Tim Cook kicked off Apple’s Fall event touting all the great things about Apple Watch: Siri, “healthy obsessions” with the activity rings, and a 97 percent customer satisfaction rate.
So what’s next for the smartwatch? The biggest aesthetic changes are the offerings of gold and rose gold (pink) anodized aluminum cases. We’ll also see a continuation of the stainless steel watch with a Product (RED) band, and as discussed in WWDC, we’ll get third-party complications (icons on the watch faces), transit directions in Maps, and custom watch faces.
This all comes with WatchOS 2, which will be available September 16 as a free upgrade, and gives the Watch the ability to run apps on the device itself rather than just transferring data from the iPhone. This opens the doors to more robust third party apps, and Apple is finally giving developers access to hardware like the speaker, microphone, and heart rate monitor.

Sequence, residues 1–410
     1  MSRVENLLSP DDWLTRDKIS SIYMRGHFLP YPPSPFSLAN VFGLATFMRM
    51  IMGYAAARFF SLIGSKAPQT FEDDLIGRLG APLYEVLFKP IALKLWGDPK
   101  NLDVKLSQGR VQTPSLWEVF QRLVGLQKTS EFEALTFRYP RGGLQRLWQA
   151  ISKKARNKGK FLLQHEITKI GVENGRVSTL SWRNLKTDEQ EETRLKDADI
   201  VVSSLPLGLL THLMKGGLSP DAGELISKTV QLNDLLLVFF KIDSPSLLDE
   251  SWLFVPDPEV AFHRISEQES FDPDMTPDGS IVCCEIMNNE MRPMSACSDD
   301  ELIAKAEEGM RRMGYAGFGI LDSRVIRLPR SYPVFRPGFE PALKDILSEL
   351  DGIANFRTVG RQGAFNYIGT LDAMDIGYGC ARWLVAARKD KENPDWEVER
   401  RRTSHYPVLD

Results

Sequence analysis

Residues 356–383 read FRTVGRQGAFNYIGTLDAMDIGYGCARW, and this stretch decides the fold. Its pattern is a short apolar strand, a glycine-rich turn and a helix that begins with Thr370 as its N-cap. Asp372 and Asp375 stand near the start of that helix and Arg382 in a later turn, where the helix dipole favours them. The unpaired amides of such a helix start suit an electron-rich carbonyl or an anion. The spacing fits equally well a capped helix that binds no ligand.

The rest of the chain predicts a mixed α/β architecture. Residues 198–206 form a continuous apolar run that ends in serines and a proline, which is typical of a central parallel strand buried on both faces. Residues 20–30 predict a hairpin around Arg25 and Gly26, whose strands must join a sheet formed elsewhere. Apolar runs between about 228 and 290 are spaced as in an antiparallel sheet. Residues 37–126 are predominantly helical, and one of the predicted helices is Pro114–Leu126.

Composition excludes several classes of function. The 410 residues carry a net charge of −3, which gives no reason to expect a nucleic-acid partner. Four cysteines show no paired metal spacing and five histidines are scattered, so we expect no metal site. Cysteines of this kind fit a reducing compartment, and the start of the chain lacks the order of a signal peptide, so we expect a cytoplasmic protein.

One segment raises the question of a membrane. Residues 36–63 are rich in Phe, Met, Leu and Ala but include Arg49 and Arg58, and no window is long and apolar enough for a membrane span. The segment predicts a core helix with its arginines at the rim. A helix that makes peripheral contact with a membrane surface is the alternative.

These third-party apps are being given a serious spin, with a big pitch towards doctors and medical practitioners. The third-party medical app AirStrip lets doctors monitor the health metrics of pregnant women remotely, and give realtime data readouts of patients wearing Apple Watches. Doctors can send this data to other specialists using their own Apple Watches, straight from within the app’s UI itself, and it’s all HIPAA compliant. (I’m sure we’ll see a lot of thinkpieces about this one.) Facebook Messenger is also getting a facelift, with more options to respond on the Watch.
Apple is also releasing new watch faces (in addition to their previously-announced picture faces), in tandem with their partnership with French leather manufacturer Hermes. The watch faces will feature Hermes branding, and compliment a new leather watch band made by Hermes that wraps around the wrist twice.